Posted by: degarcia | April 2, 2009

Big Idea: The Base Ten System

Base-Ten Number System

By: Miriam Coyle

The National Council of Teachers of Mathematics states that “In prekindergarten through grade 2 all students should use multiple models to develop initial understandings of place value and the base-ten number system” (p. 78). It also expects that “In grades 3-5 all students should understand the place-value structure of the base-ten number system and be able to represent and compare whole numbers and decimals” (p 148).

So, if we as teachers are expected to teach our students about the base-ten number system, what exactly is it and what is the best way to teach it for understanding?

Numeration Systems

A numeration system is a way of representing numbers using symbols. Each number must be represented by a different symbol. Otherwise, confusion as to which number was intended would be a frequent occurrence. Particular symbols used to represent numbers are known as the digits of the system. Under ideal circumstances a numeration system will: “represent a useful set of numbers (e.g. all whole numbers, integers, or real numbers), give every number represented a unique representation (or at least a standard representation), reflect the algebraic and arithmetic structure of the numbers” (Wikipedia, the free encyclopedia-numeral system).

Place-value numeration systems have limited numbers of digits which need to be repeated in order to represent larger numbers. The base of a system is the highest number to which you can count without repeating any previous digit. The number of digits in the place-value numeration system is the same number as the base of that system and must include a place-holder. The value of a number is determined by its position. The base number is how the numbers are grouped. A base of four would group by fours. The position to the right would hold up to four of the number before it would then be grouped as numbers of up to four times four, and then groups of four times four times four, and so forth.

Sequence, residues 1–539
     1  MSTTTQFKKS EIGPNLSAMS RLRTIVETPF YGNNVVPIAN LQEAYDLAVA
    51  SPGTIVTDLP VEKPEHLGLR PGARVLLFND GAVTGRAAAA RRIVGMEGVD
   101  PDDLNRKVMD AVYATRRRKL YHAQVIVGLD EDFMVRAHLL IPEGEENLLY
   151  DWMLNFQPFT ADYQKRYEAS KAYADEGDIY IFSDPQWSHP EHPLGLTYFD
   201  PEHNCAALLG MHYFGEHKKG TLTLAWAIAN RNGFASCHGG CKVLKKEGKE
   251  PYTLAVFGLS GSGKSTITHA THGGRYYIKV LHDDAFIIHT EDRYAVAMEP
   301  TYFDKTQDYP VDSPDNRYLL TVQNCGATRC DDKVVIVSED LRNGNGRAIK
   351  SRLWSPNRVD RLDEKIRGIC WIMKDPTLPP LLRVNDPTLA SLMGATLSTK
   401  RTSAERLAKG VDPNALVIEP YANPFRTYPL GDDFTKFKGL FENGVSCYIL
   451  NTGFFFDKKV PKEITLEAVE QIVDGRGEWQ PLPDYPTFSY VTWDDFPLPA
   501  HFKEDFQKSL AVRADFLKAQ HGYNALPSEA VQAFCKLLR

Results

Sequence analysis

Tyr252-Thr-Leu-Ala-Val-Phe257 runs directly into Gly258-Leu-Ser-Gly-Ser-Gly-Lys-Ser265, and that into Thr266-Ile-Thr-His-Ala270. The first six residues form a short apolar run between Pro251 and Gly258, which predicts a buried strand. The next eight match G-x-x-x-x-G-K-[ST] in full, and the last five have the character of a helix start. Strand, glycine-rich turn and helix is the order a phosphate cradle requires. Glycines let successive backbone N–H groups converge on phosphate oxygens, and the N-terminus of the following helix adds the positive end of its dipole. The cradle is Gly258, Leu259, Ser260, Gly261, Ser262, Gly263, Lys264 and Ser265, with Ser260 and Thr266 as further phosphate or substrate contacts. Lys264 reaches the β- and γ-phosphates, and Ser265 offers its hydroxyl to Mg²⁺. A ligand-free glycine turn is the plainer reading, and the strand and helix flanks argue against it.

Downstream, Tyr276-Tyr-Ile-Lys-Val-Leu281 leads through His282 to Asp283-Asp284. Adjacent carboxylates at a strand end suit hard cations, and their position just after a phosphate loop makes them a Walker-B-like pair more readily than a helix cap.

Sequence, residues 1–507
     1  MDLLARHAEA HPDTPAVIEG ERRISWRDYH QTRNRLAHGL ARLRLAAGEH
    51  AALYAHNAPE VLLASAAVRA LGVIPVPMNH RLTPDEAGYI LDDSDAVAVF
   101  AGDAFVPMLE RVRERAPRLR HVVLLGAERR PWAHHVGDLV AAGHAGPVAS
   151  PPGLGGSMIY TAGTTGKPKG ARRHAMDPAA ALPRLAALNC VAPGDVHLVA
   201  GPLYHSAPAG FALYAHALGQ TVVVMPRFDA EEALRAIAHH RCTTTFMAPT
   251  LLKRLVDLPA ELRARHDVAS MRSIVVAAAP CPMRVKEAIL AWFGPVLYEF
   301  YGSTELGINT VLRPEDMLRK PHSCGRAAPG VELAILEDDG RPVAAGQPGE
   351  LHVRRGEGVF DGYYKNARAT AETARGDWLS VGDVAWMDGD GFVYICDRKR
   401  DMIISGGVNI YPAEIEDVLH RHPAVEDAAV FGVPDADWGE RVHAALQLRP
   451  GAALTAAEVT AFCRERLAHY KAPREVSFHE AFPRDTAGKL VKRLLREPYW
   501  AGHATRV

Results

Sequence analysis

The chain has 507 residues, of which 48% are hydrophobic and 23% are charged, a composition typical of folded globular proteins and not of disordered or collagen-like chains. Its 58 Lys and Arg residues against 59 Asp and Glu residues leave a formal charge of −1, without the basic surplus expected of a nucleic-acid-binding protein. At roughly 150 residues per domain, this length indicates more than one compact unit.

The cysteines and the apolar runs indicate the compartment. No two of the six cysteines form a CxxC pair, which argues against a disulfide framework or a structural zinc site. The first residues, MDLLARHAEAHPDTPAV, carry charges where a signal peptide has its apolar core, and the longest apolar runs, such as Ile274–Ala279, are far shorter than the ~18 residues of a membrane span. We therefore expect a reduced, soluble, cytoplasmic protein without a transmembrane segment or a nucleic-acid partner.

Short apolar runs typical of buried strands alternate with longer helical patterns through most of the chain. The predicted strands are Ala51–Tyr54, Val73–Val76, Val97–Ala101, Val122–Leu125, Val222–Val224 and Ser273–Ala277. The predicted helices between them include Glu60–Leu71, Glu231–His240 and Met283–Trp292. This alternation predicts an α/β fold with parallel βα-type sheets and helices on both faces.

The base-ten numeration system is the system that most of the world uses today. No one knows exactly why the number ten was chosen as the base for this system, but it is theorized that it is due to the number of fingers that humans possess. Fingers are very easily assessable as counting tools. The base-ten numeration system consists of ten digits (0, 1, 2, 3, 4, 5, 6, 7, 8, 9), and groups numbers into ten. Zero serves as the placeholder. It holds a position when there is nothing to be placed in a particular position. The value of a numeral in this system is determined by multiplication. Starting from the position directly to the right of the decimal point and going left, the value is (1 x the numeral), (10 x the numeral), (100 x the numeral), and so on. Each position to the left is ten times the positional value of the previous position. Each position to the right of the decimal point is 1/10the position to the right. For example, a four in the second spot to the left of the decimal point would be (10 x 4), or in other words, would have the value of 40. A 4 in the second position to the right of the decimal point would have the value of 4/100 or 0.04. This is known as the Multiplicative Principle. The numbers of the base-ten system can be added to determine the total value of the number. This is called the Additive Principle.